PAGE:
Re: pure virttual function

"Alf P. Steinbach" <>
Wed, 05 Jul 2006 16:53:32 +0200
* Rolf Magnus:

Alf P. Steinbach wrote:

* Murali Krishna:


could anyone explain me why definition to a pure virtual function
is allowed ?

May be you are asking why it is not allowed.

Sorry, the OP is correct that you can provide a definition for a pure
virtual function. But that definition can't be provided in the class
definition. As to the why of that, I don't know any good reason, and
that's better asked in [comp.std.c++].

One use for a defined pure virtual function is a "marker interface" like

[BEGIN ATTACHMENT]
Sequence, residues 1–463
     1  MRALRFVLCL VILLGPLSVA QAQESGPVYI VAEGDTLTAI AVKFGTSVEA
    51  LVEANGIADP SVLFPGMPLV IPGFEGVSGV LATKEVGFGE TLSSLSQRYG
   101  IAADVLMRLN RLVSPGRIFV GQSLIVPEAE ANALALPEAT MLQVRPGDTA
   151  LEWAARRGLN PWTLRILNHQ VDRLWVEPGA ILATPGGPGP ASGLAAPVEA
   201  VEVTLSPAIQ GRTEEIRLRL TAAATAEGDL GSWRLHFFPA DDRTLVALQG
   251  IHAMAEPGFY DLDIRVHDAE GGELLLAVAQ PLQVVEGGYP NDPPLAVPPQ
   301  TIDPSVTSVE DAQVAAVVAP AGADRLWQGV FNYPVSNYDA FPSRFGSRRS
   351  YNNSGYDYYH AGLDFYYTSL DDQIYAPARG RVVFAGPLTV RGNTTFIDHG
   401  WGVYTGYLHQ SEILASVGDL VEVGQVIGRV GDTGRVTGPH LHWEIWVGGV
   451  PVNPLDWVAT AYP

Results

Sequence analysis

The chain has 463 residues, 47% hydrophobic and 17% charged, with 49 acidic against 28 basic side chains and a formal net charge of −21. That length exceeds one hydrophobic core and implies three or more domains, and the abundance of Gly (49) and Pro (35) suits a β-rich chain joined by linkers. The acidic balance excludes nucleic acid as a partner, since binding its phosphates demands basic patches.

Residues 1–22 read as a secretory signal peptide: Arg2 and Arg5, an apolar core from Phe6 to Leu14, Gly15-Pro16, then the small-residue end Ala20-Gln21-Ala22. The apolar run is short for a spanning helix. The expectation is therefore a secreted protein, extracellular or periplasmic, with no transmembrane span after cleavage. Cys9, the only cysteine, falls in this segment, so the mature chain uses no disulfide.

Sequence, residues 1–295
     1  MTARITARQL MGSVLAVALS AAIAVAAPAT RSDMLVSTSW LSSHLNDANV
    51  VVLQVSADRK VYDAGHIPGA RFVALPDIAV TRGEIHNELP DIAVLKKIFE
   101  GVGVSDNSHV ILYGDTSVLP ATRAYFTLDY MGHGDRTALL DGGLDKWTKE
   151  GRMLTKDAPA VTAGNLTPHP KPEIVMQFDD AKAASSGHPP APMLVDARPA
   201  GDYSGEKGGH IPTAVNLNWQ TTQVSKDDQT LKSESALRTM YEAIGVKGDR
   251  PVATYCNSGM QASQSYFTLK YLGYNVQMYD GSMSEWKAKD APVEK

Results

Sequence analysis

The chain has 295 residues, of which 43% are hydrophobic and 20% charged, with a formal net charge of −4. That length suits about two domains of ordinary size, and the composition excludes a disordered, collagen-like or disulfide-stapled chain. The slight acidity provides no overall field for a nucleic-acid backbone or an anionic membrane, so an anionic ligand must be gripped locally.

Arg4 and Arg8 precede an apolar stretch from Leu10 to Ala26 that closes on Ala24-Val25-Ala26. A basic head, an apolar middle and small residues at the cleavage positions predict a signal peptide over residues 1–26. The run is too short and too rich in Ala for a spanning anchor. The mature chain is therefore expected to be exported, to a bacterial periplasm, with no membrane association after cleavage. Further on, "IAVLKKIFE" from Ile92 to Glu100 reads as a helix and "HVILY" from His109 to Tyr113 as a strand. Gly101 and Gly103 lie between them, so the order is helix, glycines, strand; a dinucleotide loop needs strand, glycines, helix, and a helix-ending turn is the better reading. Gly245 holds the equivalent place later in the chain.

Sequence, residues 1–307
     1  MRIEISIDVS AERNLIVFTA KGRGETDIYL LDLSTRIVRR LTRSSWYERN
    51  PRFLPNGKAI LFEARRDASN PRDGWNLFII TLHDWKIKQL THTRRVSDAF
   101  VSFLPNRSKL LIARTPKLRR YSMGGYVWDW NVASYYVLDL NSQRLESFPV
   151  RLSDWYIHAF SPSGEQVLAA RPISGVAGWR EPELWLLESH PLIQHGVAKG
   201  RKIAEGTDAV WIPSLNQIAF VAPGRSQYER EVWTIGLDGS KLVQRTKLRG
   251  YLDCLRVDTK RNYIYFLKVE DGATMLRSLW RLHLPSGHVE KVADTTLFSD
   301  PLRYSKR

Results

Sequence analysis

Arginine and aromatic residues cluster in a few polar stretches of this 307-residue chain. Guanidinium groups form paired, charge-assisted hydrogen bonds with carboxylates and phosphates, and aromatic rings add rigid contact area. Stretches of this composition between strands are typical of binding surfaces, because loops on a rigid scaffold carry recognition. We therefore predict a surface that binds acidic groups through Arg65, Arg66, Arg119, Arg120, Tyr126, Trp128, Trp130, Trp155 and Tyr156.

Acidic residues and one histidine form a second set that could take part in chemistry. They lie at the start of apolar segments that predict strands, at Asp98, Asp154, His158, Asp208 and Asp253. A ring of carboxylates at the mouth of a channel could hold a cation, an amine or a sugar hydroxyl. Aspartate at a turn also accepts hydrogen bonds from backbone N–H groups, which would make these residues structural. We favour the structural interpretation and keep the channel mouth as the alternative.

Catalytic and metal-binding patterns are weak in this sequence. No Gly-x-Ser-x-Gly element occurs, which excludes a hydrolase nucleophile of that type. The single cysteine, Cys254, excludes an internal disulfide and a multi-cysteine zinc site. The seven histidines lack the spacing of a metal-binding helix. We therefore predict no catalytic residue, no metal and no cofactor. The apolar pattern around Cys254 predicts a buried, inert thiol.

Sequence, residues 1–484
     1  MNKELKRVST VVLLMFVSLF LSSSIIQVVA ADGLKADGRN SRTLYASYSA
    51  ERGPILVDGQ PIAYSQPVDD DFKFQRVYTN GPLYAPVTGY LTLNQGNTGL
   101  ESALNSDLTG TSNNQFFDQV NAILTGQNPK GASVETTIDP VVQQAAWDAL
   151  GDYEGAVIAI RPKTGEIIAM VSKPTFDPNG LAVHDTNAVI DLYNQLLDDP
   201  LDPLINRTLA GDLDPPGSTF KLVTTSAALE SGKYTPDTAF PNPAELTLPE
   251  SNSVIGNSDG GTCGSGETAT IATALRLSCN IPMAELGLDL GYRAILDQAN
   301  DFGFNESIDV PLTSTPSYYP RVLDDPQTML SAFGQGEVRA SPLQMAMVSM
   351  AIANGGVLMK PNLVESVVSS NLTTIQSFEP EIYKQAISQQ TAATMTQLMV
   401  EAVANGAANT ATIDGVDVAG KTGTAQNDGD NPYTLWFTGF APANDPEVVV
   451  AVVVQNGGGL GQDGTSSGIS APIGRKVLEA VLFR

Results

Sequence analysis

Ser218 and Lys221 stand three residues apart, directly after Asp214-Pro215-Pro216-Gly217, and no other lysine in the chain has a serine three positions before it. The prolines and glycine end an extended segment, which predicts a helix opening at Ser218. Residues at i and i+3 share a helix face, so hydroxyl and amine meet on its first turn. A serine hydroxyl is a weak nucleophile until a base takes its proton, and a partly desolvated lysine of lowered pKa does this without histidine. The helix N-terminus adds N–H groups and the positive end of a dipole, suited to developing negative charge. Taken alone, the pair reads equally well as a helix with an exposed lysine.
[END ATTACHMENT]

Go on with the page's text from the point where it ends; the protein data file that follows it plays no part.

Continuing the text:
struct Serializable
       inline virtual ~Serializable() = 0;

   inline Serializable::~Serializable() {}

Here a definition is necessary because the destructor will be called
(although it's never called virtually), and the destructor is the only
member function that for this class can be used to make it abstract.

Well, if no polymorphism is needed, but the class shouldn't be
instantiatable, one can always make the destructor protected.

Yes, it seems that the practical advantage reduces to the single case of
a polymorphic marker interface through which objects can be deleted, but
heck, there must be more to it for having it as a langugage feature.

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